That is how Pegasus and NGO became the main attraction in the development of Israel’s closer relations with the United Arab Emirates, Morocco, Azerbaijan and Saudi Arabia – and that’s only a partial list.

But this story is about more than just ballots:

A number of people involved in talks with the leaders who purchased the spyware knew the day would come when they would move from government to the world of business – and they sought to take advantage of the contacts they’d made when the big opportunities presented themselves.

One such person is Yossi Cohen, former head of the Mossad, who was very active in warming up Israel’s diplomatic ties with the Gulf states and in signing the Abraham Accords.

Cohen, according to foreign media reports, had planned to establish an investment firm in cooperation with the rulers of the Emirates and former US government officials including former President Donald Trump’s treasury secretary Steven Mnuchin, and Trump’s son-in-law Jared Kushner.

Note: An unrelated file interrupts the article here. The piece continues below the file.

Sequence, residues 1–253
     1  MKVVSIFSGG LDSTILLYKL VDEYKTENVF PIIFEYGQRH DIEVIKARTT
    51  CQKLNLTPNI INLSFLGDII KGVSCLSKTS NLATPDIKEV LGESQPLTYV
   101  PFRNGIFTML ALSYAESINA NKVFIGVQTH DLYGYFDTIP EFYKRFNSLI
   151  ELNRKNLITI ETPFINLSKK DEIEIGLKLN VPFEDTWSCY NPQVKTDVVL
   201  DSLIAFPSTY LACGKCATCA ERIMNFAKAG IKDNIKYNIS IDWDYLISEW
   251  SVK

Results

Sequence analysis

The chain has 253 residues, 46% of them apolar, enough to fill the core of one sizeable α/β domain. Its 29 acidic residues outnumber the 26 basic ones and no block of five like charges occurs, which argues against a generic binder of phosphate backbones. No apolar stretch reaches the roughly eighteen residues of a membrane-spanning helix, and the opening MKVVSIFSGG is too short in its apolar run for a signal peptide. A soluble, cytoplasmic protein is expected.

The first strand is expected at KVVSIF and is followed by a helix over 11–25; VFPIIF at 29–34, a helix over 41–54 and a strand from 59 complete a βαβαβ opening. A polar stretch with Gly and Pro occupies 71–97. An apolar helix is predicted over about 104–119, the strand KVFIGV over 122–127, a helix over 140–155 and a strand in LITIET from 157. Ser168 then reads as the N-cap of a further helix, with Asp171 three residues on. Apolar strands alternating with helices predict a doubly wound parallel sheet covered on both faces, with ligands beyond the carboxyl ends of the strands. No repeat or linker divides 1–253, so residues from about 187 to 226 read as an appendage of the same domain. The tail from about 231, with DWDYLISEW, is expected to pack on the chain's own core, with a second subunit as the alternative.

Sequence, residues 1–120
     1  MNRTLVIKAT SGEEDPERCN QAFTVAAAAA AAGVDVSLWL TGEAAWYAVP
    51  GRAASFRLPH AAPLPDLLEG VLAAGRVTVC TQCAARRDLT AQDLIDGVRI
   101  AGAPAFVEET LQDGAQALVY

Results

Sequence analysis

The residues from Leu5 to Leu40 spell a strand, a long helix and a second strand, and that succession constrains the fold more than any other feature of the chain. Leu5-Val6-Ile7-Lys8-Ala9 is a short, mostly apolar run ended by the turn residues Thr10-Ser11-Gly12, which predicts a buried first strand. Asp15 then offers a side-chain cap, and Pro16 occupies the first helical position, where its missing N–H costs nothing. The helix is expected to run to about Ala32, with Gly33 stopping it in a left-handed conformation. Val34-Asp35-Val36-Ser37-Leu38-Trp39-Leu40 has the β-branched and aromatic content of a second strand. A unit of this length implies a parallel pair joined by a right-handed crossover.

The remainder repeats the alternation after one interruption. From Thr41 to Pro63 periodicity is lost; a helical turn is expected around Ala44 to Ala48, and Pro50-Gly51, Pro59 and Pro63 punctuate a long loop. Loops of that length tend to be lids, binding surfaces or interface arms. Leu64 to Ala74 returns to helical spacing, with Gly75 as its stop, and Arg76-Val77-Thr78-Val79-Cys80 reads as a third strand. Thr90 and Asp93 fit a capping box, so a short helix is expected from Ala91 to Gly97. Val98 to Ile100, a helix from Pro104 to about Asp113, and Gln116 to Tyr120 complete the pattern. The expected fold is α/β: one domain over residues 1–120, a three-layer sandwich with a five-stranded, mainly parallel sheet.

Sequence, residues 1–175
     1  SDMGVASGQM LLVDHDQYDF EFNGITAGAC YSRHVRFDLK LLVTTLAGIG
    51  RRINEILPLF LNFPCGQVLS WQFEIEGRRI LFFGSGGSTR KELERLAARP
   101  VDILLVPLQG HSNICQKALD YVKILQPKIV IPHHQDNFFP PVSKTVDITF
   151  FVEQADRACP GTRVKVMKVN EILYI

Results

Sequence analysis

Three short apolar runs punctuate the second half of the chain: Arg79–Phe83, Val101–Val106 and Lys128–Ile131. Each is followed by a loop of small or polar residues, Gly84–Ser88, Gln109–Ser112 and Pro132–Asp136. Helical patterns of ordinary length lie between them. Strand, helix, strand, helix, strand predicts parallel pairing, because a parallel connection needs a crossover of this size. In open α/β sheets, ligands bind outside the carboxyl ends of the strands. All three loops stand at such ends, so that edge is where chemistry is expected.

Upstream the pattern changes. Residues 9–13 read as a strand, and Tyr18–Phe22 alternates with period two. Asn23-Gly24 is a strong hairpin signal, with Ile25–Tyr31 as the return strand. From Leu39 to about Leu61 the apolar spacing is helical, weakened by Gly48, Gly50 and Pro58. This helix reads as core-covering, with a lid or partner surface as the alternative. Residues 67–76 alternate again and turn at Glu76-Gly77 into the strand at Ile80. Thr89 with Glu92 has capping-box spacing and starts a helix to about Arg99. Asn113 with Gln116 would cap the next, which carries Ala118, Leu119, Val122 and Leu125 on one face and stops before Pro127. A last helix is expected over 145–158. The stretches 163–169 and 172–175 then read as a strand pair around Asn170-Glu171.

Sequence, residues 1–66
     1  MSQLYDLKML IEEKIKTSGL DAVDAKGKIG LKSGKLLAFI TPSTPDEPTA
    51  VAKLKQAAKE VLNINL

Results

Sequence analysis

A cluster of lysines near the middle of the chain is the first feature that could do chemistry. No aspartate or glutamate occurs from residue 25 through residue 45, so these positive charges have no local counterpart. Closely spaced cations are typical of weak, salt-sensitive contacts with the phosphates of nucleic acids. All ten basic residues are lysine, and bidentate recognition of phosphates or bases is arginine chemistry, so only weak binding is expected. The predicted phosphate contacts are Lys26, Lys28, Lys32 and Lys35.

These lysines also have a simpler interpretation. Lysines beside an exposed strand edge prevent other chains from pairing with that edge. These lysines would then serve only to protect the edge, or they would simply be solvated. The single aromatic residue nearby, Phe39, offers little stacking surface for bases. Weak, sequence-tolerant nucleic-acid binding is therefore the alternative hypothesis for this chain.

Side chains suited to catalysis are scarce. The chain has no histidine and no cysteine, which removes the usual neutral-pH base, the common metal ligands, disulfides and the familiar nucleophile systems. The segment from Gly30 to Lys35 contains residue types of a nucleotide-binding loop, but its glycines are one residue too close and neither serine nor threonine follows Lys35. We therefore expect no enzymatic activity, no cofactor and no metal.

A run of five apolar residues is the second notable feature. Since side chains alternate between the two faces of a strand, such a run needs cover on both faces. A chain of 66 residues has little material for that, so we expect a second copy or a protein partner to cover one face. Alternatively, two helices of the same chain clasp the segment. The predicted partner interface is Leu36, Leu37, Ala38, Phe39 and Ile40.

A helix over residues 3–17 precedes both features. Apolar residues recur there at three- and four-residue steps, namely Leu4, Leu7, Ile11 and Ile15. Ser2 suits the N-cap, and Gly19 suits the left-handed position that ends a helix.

It was not only Netanyahu and those in his orbit who took advantage of NSO.

Another Israeli politician who has had a connection with the cyber company is Ayelet Shaked, currently minister of the interior, whose best friend, Shiri Dolev, is NSO’s president.

Also Naftali Bennett, who is now prime minister, tried to work with NSO – at the beginning of the COVID pandemic, when the government wanted to surveil private citizens to cut the chain of infection.

The Defense Ministry, then headed by Bennett, sought to promote NSO so that it would create a national system to do that – without a bidding process.

According to an April 2020 report in TheMarker by Refaella Goichman, the Defense Ministry approached NSO on several occasions, directly and without inviting bids from other firms.

Moreover, Shaked, the justice minister at the time, was also a member of the Knesset Subcommittee on Intelligence, where the Shin Bet security service’s scheme to surveil Israeli citizens was discussed.

During at least one meeting, Bennett presented the possibility of collaboration with NSO, and Shaked failed to mention that her best friend was the company’s president.